Shaka Zulu, The Great Warrior of Southern Africa


Across history, many remember Shaka as a prominent Zulu monarch for his great prowess as a warrior. He not only led countless wars but also emerged victoriously. However, some people perceive Shaka as a ruthless ruler, consumed by rage and desire to fight. Needless, his reputation as a potent leader who extended the territory of the Zulus and built a strong army outstands the pessimism.

Though he was full of anger because of his past bitter experiences, he is among one of a kind leaders. Some may not salute him for his works, but he is among the founding fathers of South African history.

Early Life Of Shaka

Shaka was born in 1787 in Southern Africa during the 19th century by a woman named Nandi. His birth was unprecedented since his father, chief Senzangakhona, refuted impregnating his mother.  Shaka’s birth, was, therefore, received with so much hostility. His father had failed to acknowledge him as his son. This led to the community banning both Shaka and his mother from the village. According to the traditions of the community, it was taboo to get children out of wedlock. Hence, they had a tradition that permitted unmarried couples to engage in sexual activities without having intercourse to minimize lust and prevent pregnancies.

Origin Of The Name Shaka

The name Shaka, came from a disease which many knew as ‘ishaka.’ This disease affected mostly women. It caused their bodies to become sore, bulge, and even worn out. When Nandi, who was still unmarried at that time became pregnant, people thought she was suffering from ishaka. Hence that was why she had missed her periods. However, it was not until nine months later that she gave birth to a bouncing baby boy. Therefore, she decided to name him Shaka. This is how the name Shaka came into existence.

Shaka and his mother traveled to different villages in search of a home. However, most of the time they encountered unfriendliness. Kids would often bully, harass, and torment Shaka. Many times, his mother defended him from endless intimidation from his age mates. Upon continuous search for a home, Shaka and Nandi found shelter in the Mthethwa clan. Chief Dingiswayo was the ruler of Mthethwa. He had built a federation of nearly 50 tribes through great diplomacy and outright war.

Rise Of Shaka

During his childhood, Shaka looked after the herd and learned to defend them from wild animals. There was even an instance when he killed a leopard alone and skinned it to make hides. Therefore, by the time he was 16 years of age, news about him had traveled the village to the chief.  The latter had played a significant role in mentoring Shaka Zulu to become one of the greatest Zulu Kings.  As a brave and dedicated young man, Shaka stole the heart of many, including Chief Dingiswayo. The latter had given him the duty to look after his herd.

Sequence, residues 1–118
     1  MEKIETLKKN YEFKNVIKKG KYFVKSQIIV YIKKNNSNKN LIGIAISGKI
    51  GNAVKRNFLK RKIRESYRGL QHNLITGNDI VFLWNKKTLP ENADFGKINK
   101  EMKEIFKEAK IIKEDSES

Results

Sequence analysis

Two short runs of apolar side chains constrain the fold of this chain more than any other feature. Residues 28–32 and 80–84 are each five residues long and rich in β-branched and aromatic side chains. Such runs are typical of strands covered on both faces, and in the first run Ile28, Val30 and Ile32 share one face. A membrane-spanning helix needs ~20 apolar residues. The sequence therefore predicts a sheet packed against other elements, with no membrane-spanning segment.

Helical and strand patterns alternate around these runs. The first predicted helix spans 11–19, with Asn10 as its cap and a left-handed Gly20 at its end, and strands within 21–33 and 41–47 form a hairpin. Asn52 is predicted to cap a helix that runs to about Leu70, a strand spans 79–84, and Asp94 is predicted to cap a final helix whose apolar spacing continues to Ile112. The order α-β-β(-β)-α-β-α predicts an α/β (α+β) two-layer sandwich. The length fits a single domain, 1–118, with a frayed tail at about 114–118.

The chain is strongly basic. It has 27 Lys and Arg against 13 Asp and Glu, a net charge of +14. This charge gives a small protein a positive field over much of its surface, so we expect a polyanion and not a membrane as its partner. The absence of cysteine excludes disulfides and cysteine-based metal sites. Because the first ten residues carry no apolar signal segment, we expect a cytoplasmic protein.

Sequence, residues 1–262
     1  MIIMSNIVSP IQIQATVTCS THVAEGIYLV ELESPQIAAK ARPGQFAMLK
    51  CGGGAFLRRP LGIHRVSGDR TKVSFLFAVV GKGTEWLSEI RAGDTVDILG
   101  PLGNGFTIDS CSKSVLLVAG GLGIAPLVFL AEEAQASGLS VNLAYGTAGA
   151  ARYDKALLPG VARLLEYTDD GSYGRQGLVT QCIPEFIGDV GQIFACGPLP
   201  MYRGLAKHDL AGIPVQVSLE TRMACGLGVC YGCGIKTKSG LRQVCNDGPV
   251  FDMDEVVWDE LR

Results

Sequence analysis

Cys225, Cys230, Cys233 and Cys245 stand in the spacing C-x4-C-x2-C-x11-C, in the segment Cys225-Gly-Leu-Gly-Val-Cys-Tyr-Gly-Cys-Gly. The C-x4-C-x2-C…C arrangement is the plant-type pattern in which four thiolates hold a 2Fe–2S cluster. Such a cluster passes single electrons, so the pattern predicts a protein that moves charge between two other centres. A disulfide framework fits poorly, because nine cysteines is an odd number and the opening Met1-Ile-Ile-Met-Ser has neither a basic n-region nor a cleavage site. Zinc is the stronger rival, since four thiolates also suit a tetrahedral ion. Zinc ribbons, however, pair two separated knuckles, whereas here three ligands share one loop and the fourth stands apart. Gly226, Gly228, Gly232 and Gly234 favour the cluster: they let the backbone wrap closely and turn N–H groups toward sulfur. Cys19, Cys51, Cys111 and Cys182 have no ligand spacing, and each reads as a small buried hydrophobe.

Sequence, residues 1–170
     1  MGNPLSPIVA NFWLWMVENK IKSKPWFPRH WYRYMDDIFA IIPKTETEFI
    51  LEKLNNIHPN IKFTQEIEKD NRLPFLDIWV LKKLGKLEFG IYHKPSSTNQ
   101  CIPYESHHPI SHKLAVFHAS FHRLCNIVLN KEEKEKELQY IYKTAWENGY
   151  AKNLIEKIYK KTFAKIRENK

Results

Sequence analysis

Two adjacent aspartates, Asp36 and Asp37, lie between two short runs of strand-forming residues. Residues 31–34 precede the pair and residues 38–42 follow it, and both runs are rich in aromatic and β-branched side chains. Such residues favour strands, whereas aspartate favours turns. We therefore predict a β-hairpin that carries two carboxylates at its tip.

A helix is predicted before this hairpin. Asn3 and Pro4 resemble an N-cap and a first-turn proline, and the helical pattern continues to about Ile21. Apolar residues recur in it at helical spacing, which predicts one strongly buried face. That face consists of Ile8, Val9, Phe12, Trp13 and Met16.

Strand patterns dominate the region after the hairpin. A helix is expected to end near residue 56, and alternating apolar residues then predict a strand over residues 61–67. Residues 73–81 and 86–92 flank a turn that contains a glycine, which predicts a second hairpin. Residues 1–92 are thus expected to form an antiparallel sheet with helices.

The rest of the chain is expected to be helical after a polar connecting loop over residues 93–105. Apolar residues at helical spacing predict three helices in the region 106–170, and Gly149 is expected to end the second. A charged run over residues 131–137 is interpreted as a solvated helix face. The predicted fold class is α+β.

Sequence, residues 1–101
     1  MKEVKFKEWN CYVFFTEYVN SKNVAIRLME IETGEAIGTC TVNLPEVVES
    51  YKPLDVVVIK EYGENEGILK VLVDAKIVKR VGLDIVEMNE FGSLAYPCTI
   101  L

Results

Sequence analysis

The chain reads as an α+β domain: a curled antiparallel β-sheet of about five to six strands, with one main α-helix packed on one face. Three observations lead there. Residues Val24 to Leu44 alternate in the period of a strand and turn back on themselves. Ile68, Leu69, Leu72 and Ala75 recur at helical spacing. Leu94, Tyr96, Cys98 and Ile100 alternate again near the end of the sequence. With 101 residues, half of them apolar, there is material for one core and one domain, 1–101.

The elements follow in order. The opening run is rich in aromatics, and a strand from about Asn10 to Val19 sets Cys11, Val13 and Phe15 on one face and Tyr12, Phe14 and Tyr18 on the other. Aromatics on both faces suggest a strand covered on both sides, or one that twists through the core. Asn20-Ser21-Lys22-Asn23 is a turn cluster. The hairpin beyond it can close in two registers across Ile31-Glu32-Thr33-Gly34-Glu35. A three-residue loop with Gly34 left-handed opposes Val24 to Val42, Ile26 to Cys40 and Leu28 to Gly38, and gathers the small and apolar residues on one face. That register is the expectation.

As time went by, Shaka became stronger, masculine, and more courageous. He had outgrown the role of a herd boy and become a warrior.  Back then battles did not involve a lot of bloodsheds. As often the losing team would drop their weapons and retreat. However, Shaka thought this form of combat was pointless. He wanted to intensify the war and make them effective in determining a victor.  He wanted blood.

As a result, he came up with a new fighting technic. Shaka would use his shield to defend himself from oncoming spears and charge towards the enemy when the battlefield was clear. The Zulus applied this tactic during their war with the British during the precolonial error. The great warrior had even made his special spear for battles since the normal battle spears would often break amid battles.

When he heard of his father’s death, Shaka reclaimed his father’s throne with assistance from Dingiswayo. He trained his clan warriors in the defense and attack system of war, thereby managed to build a powerful army.

Shaka had grown to become an authoritative warrior leader. He was never afraid when it came to disciplining his men. He ordered the assassination of all those who showed any form of weakness. Warriors who sympathized with the enemy, the injured ones, and those who failed to should during wars. He even went to the extremities of killing the concubines who were pregnant for him. He was trying to prevent any instance of having his child rebel against him.